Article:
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30 of 32 people found the following review helpful By Fred Wemyss (Actual Name) on October 31, 2002
Format: Paperback
THE THURBER CARNIVAL is an excellent collection if only because it contains the complete MY LIFE AND HARD TIMES. In the early seventies, when my grandmother gave me a respectful and wonderfully brief biography called THE CLOCKS OF COLUMBUS, I became a THURBER fan. I was in Junior High and Thurber, dead more than ten years already, was enjoying something of a vogue. Most of his books were back in print. Today, we're down to about a third or less of what he wrote. The Library of America's collection looks fairly complete, but THE THURBER CARNIVAL was his own selection of greatest hits, if you will. In both cases I miss the separate volumes from which these stories and cartoons are culled. If there are concept albums, Thurber had concept collections. You don't get the sense of a Beatles album listening to bits from different albums. This is true with Thurber. You need all of LET YOUR MIND ALONE, which you can only get used now. You need all of THE MIDDLE-AGED MAN ON THE FLYING TRAPEZE; his most representative collection.
He tried writing a novel once or twice, but found he could only write short stories. This bothered him. The chief thing to remember as you read him is that he was deeply ashamed of being a humorist. His literary hero was Henry James. During Thurber's time at the New Yorker (and he arrived there about a year after its founding, staying until his death more than three decades later) the magazine was a showcase for humorists. Think of the original cast of Saturday Night Live and you'll have something of an idea of the atmosphere at the magazine in its first ten years or so. Competitive humorists travelled from all over the United States to work for THE NEW YORKER. The Algonquin Roundtable was largely a haven for NEW YORKER staffers. James Thurber learned from E. B.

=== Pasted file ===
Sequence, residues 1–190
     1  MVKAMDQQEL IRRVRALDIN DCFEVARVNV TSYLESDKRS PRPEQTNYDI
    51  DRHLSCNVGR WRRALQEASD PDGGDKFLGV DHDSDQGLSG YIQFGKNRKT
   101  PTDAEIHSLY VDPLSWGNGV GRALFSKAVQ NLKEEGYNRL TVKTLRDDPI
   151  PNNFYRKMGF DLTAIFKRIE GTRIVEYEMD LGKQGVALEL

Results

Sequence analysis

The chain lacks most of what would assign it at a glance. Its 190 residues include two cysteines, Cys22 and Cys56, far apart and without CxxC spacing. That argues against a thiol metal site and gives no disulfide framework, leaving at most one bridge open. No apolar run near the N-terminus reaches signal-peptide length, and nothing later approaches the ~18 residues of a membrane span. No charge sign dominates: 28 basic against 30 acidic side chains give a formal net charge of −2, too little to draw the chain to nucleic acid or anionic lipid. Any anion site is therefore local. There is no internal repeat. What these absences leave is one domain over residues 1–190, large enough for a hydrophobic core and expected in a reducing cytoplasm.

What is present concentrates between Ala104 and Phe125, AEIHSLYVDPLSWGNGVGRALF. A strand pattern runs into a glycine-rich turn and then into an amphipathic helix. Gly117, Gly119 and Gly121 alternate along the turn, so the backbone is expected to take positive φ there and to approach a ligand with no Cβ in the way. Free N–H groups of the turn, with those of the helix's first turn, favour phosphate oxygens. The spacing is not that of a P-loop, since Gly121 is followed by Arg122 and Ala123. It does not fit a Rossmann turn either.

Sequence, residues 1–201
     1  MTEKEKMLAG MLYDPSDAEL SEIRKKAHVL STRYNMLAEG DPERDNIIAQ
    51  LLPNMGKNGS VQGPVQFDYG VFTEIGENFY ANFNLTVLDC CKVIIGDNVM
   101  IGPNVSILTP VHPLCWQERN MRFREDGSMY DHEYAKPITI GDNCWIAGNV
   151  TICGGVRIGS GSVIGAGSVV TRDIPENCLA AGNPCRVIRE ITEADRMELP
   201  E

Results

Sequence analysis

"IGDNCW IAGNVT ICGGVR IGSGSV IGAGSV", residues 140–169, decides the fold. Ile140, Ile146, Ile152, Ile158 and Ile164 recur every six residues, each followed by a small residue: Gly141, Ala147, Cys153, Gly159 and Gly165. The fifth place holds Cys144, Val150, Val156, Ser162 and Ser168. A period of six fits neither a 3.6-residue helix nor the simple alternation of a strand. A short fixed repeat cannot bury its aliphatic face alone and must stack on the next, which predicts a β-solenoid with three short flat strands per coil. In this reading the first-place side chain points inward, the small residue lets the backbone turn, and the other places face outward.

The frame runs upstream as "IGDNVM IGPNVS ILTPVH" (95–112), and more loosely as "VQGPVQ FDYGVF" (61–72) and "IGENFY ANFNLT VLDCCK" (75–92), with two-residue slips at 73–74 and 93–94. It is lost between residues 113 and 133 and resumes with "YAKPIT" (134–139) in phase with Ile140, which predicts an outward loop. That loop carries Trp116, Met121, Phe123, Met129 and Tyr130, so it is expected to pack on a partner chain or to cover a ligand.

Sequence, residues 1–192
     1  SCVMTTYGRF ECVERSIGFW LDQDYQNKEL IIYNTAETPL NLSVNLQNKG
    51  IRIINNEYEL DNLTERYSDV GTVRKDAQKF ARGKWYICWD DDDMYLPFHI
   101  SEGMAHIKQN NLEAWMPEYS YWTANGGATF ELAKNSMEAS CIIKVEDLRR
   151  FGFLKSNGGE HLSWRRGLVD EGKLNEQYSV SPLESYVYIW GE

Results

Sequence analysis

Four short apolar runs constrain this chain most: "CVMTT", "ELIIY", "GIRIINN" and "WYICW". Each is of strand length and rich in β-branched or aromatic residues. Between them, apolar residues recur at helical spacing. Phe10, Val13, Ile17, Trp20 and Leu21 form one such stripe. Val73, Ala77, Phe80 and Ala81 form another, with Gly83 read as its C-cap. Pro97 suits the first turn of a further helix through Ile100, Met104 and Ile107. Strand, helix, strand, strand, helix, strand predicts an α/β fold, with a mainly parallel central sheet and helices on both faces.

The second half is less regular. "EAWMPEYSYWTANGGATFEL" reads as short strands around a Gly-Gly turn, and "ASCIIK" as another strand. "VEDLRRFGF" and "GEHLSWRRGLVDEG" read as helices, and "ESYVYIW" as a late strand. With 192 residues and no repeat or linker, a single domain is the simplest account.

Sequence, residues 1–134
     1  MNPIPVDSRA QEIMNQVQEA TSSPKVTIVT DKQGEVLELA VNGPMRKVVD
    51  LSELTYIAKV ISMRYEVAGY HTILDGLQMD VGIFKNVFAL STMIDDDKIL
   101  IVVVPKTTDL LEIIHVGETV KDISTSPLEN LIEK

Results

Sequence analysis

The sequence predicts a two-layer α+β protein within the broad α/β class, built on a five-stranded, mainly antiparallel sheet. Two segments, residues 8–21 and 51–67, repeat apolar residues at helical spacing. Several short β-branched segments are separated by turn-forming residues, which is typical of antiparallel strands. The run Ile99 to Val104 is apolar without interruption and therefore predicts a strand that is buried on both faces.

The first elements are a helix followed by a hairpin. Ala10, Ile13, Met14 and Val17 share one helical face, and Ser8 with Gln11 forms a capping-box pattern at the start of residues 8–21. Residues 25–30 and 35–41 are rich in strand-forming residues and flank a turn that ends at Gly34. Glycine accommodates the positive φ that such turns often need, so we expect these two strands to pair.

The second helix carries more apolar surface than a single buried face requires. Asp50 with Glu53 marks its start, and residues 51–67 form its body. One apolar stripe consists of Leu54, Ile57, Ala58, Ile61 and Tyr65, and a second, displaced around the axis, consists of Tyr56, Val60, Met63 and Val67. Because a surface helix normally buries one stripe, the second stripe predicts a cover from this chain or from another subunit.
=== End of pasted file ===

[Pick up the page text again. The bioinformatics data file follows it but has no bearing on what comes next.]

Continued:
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11 of 11 people found the following review helpful By Wendy Kaplan on November 24, 2001
Format: Hardcover
I grew up with this book. First published in the mid-40s, it lived in the center of a built-in bookcase over my father's desk in the family room, and I was drawn to it time and time again during my childhood.
At first, I was convulsed by Thurber's uniquely hilarious cartoons. His dogs and his women are priceless...drawn in a style that nobody has ever been able to duplicate or capture.
It was only later, as I grew older, that I could appreciate Thurber's written humor. The "Thurber Carnival" (and it is) is a compilation of essays and excerpts from "My World--and Welcome to It," "The Middle Aged Man on the Flying Trapeze," and others. These were Thurber's earlier works that were very much a product of their times, but oh, so funny! Thurber was one of the great commentators on the vagaries of everyday life. Along with Robert Benchly et al., he set the tone for an entire generation. I still have this book, and I absolutely cherish it. It's hard to do Thurber justice in a review. All I can say is--buy this book and wallow in it. You'll be glad you did.